Every socio-political group must determine when its survival necessitates proscription of subversive activity. Although some scholars feel no limitation upon speech is therefor justified, most students of the problem are agreed that when national security is at stake somewhere there must be imposed some limitations upon freedom of expression. The Blackstonian notion that, although there could be no prior restraints, anything could be punished after utterance is unworthy. Prior restraints of some kind, such as a prohibition upon publishing in time of war the sailing dates of troopships, are permissible under any rational analysis while, on the other hand, if anything can be punished after utterance severe punishments will as effectively deter communication as any prior restraint. The truth is that no objective standard can contribute much to the delimitation of liberty.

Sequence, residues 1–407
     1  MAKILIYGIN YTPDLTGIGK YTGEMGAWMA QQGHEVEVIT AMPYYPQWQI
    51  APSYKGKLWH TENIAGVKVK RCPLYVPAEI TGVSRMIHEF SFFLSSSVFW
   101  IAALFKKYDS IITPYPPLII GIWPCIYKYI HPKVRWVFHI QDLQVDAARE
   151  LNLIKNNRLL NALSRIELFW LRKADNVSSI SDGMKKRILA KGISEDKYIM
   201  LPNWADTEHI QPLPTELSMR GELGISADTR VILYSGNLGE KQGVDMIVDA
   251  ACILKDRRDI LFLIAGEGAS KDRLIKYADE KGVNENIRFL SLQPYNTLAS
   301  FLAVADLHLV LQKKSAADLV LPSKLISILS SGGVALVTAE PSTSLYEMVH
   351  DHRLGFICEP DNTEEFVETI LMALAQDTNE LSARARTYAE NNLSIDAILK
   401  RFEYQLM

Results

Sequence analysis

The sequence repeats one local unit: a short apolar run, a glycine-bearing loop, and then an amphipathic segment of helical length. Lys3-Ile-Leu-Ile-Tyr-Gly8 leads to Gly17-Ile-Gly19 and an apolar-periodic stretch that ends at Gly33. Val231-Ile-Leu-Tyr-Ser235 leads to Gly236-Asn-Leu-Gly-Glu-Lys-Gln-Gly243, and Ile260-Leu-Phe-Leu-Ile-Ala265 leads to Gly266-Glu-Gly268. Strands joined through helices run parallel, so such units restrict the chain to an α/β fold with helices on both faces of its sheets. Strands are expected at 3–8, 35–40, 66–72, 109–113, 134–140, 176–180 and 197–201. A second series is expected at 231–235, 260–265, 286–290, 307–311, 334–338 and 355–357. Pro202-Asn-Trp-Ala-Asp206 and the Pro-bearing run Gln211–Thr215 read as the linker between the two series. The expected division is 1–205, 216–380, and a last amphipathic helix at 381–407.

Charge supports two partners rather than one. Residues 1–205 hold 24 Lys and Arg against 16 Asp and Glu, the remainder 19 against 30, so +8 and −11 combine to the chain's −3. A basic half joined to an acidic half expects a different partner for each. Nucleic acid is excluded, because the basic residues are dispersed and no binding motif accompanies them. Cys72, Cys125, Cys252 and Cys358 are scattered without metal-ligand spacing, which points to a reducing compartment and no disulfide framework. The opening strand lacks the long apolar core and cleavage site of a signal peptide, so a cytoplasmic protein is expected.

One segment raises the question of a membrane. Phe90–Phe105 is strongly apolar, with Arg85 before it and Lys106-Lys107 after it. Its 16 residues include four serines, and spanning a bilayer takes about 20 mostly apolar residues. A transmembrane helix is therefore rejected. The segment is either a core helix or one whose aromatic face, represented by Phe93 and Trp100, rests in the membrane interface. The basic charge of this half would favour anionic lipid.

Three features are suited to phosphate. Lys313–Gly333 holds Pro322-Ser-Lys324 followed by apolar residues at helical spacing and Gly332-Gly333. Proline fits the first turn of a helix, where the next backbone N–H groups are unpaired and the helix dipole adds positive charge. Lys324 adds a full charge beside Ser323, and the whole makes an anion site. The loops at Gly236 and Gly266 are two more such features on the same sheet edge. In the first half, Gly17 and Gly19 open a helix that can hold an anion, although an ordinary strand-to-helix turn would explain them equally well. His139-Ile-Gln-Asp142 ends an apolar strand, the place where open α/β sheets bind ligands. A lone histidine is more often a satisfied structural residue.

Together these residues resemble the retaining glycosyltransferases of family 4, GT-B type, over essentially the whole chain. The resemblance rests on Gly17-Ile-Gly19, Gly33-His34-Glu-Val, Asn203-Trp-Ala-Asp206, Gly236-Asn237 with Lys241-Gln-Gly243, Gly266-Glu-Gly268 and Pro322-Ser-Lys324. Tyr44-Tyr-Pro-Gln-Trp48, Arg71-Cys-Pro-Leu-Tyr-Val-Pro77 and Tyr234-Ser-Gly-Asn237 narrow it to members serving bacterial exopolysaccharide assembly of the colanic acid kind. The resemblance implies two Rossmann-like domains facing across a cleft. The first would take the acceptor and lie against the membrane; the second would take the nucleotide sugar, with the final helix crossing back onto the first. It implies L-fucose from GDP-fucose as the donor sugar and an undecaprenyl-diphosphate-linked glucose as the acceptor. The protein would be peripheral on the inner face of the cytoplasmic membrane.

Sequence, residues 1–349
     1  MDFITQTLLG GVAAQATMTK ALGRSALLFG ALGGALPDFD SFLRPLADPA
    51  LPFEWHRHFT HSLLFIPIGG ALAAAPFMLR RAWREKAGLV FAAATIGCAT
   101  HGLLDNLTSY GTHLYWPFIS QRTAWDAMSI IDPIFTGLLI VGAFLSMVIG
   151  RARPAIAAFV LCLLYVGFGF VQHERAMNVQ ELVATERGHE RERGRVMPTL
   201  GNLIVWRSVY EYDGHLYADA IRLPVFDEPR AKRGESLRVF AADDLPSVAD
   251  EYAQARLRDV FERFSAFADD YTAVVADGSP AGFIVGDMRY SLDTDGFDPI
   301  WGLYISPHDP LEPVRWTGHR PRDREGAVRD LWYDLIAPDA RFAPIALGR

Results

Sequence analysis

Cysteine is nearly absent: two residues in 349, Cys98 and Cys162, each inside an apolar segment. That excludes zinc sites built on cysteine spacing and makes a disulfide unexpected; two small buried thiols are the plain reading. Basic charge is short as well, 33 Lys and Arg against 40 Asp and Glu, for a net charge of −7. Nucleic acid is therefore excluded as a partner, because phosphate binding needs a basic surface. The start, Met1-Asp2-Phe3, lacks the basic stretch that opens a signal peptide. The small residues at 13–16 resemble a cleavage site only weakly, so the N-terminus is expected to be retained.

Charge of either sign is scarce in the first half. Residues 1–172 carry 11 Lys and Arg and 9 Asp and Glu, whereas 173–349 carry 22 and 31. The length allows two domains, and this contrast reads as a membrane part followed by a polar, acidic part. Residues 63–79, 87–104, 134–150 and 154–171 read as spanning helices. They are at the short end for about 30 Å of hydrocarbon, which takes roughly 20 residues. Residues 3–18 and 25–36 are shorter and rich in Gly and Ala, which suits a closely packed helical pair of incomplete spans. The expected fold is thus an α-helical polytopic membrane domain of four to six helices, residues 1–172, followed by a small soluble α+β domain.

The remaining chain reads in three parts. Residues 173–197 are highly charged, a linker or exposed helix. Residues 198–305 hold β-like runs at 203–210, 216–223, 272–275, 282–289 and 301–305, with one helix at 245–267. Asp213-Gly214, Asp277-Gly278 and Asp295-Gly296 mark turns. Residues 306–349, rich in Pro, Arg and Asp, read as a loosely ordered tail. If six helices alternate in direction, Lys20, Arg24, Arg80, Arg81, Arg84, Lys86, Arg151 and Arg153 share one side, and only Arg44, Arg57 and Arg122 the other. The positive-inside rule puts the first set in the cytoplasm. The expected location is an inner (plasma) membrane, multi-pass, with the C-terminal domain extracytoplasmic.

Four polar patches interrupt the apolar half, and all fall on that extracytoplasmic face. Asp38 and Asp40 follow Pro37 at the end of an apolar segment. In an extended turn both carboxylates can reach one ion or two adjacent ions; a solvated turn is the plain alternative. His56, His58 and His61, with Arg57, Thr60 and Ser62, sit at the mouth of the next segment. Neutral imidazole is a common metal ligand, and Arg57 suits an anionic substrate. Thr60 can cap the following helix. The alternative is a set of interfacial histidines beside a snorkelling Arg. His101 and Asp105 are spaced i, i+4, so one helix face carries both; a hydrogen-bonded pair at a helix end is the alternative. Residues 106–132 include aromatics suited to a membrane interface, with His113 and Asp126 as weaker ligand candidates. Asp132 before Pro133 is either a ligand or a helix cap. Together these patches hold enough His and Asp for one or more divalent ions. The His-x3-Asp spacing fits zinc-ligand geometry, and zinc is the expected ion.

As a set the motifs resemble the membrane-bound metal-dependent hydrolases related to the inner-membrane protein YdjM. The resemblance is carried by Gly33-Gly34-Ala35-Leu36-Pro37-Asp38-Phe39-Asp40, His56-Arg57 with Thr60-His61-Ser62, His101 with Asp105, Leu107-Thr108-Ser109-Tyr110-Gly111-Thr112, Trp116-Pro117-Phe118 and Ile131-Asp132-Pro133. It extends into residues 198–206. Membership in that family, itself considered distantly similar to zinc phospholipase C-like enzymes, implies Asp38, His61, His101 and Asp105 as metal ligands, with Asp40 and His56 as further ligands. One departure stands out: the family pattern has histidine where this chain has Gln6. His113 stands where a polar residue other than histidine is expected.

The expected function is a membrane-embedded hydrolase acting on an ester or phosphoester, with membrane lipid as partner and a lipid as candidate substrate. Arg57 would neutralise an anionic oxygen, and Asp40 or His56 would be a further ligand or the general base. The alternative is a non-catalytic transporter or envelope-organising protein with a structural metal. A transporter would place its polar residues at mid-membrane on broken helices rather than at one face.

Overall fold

Chester J. Antieau,
Dennis v. United States -- Precedent, Principle or Perversion?,
5 Vanderbilt Law Review
Available at: https://scholarship.law.vanderbilt.edu/vlr/vol5/iss2/1